“When Jesus saw him and knew that he had been lying there a long time, He said to him, “Do you want to be healed?” John 5:6
Are you familiar with the word bilious? The first time I heard it, I wasn’t sure what it meant. Something to do with bile, I supposed. Later I learned from the dictionary that it means “relating to or containing bile,” and “a sickly yellowish color” At least I had the bile part right.
The woman who used the word was an elderly lady in a former church who was describing for me the inadequacies of a color that had been used in her Sunday School classroom. I had gone to visit her during December. She was an eccentric widow, and I thought a visit might cheer her during a sensitive time of the year. Somehow the discussion swerved into paint color and with great theatrical flourish, she pronounced her disdain. “Bilious!” she said. “Absolutely bilious!” She used the word once more during my 15 minute visit. She was nothing if not focused.
I thought of her recently when reading John’s account of Jesus’ healing the crippled man beside the pool (5:2-18). For thirty-eight years he had been there, waiting for the miracle that never came. When Jesus found him, He asked a question that sounds very unusual. “Do you want to be healed?”
Why ask that question? Was He serious? Who wouldn’t want to be healed? To have a chance to walk, to rid yourself of the calluses, the pressure sores, to begin to live a more normal life? Of course he wanted to be healed!
The question does sound ludicrous until you realize that the Gospel of John moves on two levels: physical and spiritual. Physical events signify spiritual realities. This is true of any of the gospels to some extent, but John makes it an overarching theme.
So much is this the case that John actually never uses the word “miracle” in his work. The Greek word for miracle is dunamis, from which we get the English word dynamite. In this understanding the mighty works of Jesus were power displays, which they certainly were, of course.
John wanted a different focus, however. Instead of the word miracle he used the word “sign.” The miraculous event, and John recorded seven of these, were signs that pointed to a spiritual truth. The healing of the man by the pool is the third of the seven signs in John.
So why did Jesus asked the question, do you want to be healed? The word “healed” here has another level of meaning beyond simply physical restoration. In fact, in this story you find three different words for healing. Two of them refer to a physical healing. This word in verse 6, however, refers also to being whole.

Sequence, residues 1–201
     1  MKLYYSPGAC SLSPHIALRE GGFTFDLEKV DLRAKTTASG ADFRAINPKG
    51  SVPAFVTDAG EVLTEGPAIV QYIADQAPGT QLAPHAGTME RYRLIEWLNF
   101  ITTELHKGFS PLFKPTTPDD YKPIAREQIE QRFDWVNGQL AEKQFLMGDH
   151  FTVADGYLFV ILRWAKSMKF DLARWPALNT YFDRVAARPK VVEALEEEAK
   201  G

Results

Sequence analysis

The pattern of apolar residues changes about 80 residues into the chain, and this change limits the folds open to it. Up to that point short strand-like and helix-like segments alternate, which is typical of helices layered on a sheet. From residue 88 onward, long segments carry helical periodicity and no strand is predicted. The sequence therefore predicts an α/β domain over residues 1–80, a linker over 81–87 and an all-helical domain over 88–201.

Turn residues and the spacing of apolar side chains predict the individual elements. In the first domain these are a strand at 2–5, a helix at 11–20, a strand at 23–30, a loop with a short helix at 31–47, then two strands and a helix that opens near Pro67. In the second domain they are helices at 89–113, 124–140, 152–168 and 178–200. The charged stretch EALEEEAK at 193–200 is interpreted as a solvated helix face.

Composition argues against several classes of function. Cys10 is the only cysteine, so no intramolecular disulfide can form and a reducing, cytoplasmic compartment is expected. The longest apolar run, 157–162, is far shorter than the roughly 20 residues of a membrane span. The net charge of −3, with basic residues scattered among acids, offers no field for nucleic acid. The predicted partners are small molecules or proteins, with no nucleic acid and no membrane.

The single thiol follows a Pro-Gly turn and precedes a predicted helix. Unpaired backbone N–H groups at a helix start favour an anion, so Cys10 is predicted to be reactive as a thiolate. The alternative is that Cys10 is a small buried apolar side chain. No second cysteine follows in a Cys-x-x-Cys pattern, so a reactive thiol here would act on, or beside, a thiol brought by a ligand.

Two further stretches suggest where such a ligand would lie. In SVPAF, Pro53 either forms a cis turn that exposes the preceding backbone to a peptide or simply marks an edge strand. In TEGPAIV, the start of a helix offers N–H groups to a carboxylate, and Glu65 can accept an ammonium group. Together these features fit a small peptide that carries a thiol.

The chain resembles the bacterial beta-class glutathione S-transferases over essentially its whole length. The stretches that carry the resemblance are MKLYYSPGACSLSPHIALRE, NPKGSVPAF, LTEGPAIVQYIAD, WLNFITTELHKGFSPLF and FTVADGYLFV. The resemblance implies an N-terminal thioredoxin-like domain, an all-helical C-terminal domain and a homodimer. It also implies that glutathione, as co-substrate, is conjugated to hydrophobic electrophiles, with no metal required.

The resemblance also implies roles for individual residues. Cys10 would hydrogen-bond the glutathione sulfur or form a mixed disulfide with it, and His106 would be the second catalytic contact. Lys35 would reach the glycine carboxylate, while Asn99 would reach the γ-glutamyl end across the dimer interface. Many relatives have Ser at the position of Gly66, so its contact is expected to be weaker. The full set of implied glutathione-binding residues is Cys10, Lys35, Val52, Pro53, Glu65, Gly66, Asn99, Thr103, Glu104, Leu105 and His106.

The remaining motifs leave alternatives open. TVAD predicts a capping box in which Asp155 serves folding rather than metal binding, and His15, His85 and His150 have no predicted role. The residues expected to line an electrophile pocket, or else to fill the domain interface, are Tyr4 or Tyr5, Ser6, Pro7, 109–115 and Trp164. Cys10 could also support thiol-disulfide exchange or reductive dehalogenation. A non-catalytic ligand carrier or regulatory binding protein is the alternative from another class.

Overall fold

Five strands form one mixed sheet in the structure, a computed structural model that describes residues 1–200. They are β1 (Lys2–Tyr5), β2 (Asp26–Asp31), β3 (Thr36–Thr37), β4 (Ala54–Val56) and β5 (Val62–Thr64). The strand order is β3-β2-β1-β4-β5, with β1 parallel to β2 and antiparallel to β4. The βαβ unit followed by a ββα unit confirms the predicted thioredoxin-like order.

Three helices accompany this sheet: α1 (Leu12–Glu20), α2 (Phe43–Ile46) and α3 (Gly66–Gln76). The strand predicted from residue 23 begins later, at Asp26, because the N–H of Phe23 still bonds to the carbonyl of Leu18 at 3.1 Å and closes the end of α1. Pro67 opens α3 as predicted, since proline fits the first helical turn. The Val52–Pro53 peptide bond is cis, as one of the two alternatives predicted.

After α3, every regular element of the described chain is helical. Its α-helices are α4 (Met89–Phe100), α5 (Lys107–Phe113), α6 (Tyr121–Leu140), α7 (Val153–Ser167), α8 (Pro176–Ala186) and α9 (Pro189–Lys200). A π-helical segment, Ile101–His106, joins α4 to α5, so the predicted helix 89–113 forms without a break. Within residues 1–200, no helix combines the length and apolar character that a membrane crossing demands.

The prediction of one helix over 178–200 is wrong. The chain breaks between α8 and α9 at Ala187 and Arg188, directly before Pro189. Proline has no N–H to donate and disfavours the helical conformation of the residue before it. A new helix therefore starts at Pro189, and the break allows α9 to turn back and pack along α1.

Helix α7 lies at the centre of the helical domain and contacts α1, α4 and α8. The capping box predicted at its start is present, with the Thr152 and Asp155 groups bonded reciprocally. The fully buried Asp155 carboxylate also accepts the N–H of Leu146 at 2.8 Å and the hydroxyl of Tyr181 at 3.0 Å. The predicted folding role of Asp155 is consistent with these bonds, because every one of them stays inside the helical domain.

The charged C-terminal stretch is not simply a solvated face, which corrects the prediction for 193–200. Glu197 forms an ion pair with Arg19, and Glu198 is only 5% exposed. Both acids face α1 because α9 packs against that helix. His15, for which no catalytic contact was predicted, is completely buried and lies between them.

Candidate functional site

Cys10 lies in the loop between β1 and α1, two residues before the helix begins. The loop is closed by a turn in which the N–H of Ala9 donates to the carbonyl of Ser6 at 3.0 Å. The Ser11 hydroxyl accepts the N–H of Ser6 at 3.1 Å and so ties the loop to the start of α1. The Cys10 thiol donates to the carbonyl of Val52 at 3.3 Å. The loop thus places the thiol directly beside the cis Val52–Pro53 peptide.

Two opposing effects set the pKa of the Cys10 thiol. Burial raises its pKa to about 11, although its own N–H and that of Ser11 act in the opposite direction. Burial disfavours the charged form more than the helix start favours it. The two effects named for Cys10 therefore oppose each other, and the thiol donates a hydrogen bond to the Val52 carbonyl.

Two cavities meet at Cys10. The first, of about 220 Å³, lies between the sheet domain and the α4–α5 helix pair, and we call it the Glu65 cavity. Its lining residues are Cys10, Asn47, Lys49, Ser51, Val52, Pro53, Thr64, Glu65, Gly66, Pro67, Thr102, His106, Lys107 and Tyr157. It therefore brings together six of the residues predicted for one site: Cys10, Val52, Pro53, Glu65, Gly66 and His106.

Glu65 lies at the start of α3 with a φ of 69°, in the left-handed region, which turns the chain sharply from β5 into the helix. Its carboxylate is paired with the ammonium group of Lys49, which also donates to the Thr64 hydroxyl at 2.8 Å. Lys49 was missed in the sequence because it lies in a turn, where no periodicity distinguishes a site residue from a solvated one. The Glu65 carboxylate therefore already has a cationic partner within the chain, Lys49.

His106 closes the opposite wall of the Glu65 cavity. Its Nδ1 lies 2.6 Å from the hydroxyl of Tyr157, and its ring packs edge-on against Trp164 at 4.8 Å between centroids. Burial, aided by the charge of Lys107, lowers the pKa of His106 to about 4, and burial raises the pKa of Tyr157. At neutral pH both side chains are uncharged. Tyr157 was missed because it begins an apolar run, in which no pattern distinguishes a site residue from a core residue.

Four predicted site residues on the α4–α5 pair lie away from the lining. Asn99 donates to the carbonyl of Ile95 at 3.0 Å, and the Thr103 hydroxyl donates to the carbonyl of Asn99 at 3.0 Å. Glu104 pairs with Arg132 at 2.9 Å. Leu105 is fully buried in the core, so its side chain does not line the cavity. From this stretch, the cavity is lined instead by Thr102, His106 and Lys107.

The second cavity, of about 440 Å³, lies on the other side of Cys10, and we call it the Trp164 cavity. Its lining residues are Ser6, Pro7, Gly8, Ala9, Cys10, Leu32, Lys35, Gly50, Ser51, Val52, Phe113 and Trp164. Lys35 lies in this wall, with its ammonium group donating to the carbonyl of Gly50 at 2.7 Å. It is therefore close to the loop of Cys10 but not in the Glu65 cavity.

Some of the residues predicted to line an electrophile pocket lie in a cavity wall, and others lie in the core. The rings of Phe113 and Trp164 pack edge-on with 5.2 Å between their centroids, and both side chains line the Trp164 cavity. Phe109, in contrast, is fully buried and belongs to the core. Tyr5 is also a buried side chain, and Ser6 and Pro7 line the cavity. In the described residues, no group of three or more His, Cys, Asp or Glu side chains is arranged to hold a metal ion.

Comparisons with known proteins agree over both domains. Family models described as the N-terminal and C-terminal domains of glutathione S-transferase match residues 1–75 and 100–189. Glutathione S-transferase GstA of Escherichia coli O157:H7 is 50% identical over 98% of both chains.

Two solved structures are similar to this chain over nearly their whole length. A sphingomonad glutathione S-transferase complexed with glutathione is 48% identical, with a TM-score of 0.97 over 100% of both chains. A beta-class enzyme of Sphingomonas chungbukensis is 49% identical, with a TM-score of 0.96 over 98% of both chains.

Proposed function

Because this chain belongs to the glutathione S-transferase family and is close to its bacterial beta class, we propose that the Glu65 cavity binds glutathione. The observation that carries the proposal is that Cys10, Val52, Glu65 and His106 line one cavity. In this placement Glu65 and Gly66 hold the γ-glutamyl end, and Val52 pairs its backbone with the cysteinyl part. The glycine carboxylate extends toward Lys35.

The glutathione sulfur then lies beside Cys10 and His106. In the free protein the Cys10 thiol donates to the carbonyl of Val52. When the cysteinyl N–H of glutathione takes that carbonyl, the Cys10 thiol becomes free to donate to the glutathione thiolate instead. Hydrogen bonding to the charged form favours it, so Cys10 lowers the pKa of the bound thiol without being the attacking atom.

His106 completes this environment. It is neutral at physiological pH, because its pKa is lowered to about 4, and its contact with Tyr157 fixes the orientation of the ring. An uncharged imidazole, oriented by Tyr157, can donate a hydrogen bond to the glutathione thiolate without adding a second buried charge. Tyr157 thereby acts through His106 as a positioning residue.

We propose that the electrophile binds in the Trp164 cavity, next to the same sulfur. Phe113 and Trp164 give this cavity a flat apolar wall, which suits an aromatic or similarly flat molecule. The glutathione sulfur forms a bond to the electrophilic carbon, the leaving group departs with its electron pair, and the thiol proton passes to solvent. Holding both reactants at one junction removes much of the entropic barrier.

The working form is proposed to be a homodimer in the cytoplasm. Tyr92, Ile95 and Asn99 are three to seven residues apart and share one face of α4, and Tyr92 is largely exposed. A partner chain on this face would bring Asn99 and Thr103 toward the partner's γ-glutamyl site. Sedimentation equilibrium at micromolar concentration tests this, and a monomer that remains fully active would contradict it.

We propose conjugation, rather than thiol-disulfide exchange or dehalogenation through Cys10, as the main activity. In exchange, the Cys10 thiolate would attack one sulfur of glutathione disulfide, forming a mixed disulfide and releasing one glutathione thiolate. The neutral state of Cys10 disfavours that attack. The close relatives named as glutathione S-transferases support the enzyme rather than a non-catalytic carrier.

So Jesus was not asking merely if the man wanted to be rid of his disease. He was asking if he wanted to be whole, complete, restored, balanced. “Do you want to be well?” See the difference?
What if Jesus asked you that question? Are you ready to be healed?
Many times we can become very comfortable with our infirmities, physical or spiritual. Instead of making the genuine effort to deal with the problem we prefer the attention that comes from having the problem. Or we fail to see a problem at all.
Take my friend with the affinity for the word bilious. She had developed over the years a reputation as a rather prickly person with a superior attitude. Consequently, she had few real friends and was rather awkward in most social settings, though she certainly would not have recognized this. In a kind of etymological karma, a fourth level meaning of the word bilious is “having a peevish disposition, ill-humor.” That’s genuine irony.
Imagine her reaction if I had said the following: “Mrs. Smith (obviously not her real name), you are creating a great many problems for yourself by looking down on other people and having a generally negative outlook on life. Faith gives you the opportunity to have real joy and a divine optimism. God has surrounded you with people who genuinely love you. If you looked at His blessings, instead of all the things that perturb you, then you might not be so fixated on paint color.” She would probably have looked at me like I was an alien, with a bilious skin tone.
Do you want to be healed? We all need to hear and answer this question honestly. Before Jesus can deliver us from the real problems that beset us, we have to acknowledge their presence. True spiritual growth means honestly looking at the spiritual handicaps we use to keep God at bay. Frankly, it’s far easier to accommodate, excuse, and defend our spiritual shortcomings than go through the painful process of saying, “God, I’m sick and I desperately need to be healed.”
Personally, on a physical level I would love to be rid of my occasional sciatic nerve pain, the aches in my right knee, tinnitus in my left ear, and the irritating eye problems associated with aging. If God healed each one of those, would I be whole?
No. Not until I asked for His help in getting past my fears, resentments, anger, and self-pity. These are the spiritual obstacles that are so much more serious than any physical problem I’ve ever had. I need help each day with these. I turn to God and say, “I want to be whole” and He helps those spiritual challenges have a little less hold on me.
So if you are tired of dealing with the same spiritual problems in life, perhaps it’s time to have a talk with Jesus. What is it that holds you back? What is your real problem? What sin regularly breaks you? Is it a habit of thought? Or doubt? Do you struggle with fear, anger, resentment, and self-pity? How about pride, guilt, shame, etc?
The Holy Spirit can illuminate the darkest corners of your life and will do so gently. God can show you what needs to be done. Listen as He asks the question, “do you want to be healed?”
Dr. Terry Ellis
October 22, 2017